NORFOLK-- When Dale Holbrook dropped off his 13-year-old son Duncan at Northside Middle School this morning, the talk focused on violence in schools and how times have changed. The issue has been on many parents' minds since the tragic shooting at Sandy Hook Elementary in Newtown, Connecticut.
"I've seen people (fight) when I was growing up and they were friends the next day," Holbrook said. "Now when that thing happens, the kid who got the worst end of the bargain is going to come back in retaliation with a gun it seems."
The new principal at his son's school does not want that type of violence for his students, which is why Dr. Mark Makovec is pleased to have the Rachel's Challenge program at Northside.
"When I look at Rachel's Challenge, I think it's a proactive opportunity for principals, assistant principals, and teachers to really be aware of what's going on with their young people so we can address the problems before it becomes a violent situation," Dr. Makovec said.
Through various workshops and activities, the program encourages students to engage in acts of kindness and respect. It helps students realize how one small act of kindness can positively impact classmates. It also stresses the importance of looking for the best in others, eliminate prejudice, treat others the way you want to be treated, choose positive influences, forgive yourself and others, and speak words of kindness not cruelty.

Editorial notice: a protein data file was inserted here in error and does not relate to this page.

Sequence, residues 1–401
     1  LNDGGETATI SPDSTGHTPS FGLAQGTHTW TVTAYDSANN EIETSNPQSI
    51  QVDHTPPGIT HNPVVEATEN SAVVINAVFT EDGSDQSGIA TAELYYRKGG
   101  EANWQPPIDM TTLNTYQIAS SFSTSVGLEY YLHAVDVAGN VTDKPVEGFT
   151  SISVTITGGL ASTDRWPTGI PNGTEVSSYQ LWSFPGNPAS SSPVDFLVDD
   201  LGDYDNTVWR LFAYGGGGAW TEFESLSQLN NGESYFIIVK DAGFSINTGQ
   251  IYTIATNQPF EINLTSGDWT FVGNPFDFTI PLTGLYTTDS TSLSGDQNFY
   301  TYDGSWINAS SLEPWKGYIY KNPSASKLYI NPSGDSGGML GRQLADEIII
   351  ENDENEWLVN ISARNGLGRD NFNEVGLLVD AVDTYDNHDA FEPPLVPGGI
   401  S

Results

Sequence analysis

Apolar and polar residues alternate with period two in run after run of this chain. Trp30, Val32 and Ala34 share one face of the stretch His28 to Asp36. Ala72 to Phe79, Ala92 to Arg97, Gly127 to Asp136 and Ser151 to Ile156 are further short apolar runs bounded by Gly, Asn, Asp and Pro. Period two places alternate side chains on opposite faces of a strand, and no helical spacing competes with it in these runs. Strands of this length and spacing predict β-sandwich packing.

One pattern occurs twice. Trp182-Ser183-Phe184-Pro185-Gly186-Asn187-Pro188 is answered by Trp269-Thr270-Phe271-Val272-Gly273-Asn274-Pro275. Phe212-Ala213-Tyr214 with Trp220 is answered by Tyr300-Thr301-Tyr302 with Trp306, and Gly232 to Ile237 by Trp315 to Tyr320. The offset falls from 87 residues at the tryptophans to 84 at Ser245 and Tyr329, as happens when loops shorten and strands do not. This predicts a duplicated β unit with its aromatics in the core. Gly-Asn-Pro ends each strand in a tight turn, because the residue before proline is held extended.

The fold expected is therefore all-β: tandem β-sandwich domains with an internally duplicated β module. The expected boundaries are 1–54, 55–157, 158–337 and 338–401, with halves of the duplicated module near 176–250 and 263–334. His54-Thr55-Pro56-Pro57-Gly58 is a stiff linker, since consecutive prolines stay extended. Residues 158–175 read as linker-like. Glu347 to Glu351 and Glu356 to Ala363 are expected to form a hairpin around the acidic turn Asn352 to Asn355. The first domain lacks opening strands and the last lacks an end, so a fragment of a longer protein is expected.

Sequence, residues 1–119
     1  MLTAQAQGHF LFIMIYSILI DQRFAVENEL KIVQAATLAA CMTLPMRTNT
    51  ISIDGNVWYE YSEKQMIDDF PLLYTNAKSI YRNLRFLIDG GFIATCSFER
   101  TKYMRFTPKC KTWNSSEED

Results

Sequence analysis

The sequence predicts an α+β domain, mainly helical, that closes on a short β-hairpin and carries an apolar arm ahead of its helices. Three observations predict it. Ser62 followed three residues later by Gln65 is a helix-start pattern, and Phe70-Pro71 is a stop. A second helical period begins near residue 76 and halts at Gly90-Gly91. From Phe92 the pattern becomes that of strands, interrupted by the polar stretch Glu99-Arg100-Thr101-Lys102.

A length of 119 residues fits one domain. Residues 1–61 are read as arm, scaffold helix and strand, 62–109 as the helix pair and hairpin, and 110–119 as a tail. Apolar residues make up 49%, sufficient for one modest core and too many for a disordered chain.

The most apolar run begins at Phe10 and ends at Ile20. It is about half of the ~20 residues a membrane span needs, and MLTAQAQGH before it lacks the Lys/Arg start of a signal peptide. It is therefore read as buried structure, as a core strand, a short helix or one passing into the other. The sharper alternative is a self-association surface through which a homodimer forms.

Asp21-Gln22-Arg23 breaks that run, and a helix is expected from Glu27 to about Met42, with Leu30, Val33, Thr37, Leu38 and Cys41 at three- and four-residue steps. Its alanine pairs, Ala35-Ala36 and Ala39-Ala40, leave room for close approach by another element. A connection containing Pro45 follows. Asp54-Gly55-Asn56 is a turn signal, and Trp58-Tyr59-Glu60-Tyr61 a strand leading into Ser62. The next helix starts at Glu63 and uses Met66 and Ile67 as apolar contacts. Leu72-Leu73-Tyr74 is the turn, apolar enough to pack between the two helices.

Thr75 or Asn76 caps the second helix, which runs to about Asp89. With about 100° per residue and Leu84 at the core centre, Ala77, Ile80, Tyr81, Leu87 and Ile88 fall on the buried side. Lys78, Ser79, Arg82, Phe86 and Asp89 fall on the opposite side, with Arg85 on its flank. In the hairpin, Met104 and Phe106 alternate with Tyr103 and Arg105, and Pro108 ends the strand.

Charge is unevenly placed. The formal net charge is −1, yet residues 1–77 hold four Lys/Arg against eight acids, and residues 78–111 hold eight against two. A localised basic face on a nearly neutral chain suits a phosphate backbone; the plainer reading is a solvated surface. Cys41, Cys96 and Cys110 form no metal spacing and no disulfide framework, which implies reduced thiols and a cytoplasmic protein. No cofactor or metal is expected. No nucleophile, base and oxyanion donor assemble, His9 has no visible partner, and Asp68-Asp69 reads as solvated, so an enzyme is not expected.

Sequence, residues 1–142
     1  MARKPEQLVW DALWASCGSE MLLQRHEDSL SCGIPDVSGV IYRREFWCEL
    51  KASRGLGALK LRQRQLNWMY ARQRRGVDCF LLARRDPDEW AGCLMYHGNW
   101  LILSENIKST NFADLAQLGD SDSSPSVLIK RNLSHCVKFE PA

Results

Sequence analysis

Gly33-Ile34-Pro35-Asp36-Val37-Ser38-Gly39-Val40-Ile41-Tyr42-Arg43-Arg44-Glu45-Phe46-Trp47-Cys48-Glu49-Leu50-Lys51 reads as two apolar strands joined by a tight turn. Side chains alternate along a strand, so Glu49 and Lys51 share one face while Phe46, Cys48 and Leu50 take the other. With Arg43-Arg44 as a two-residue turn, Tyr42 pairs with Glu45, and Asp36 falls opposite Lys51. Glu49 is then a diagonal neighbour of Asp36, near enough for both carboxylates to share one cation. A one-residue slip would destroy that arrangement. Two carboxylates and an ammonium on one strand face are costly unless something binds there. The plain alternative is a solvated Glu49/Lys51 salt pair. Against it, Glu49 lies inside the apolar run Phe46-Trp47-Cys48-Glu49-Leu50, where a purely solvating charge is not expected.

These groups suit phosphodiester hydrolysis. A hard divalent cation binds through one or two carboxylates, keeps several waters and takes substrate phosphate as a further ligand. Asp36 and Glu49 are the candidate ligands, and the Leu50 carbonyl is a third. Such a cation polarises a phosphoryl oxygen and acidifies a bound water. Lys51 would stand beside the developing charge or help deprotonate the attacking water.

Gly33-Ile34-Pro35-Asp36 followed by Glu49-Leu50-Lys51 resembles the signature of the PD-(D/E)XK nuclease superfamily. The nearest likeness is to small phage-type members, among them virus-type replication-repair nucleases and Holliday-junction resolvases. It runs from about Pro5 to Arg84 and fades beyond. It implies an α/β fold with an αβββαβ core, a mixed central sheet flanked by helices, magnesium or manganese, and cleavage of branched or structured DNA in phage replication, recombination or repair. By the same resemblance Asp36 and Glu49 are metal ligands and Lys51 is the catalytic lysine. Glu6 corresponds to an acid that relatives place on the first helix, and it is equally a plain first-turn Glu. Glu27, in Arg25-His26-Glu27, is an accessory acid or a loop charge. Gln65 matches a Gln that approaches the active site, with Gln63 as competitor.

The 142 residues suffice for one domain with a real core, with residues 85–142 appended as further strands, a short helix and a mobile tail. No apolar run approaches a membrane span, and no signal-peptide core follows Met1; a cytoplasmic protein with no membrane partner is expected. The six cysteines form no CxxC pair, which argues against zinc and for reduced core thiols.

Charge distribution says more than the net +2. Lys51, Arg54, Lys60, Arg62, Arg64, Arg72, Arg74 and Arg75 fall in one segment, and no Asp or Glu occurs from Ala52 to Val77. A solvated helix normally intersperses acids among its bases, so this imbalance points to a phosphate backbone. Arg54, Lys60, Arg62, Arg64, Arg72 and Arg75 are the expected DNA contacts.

"As kids go through middle school, they're looking for their identity and want to find out where they fit in," Dr. Makovec said. "A lot of times kids don't understand how simple terms like 'you're ugly,' 'you're not smart' can be so detrimental to a student's development."
He also added, "Sometimes kids have those feelings and they harbor them within themselves and the feelings of isolation and resentment turn into violence."
Through Rachel's Challenge students work together on various projects to give back to the community and to make their schools more positive places.
One project students have participated in is making a kindness chain. Each link represents an act of kindness done at school. The bigger the chain, the more acts of kindness that were performed. It's a visual way for students to get the message.
Holbrook's son Duncan tells 13News he's all in. "Be nicer to people and think about stuff before you do it," Duncan said.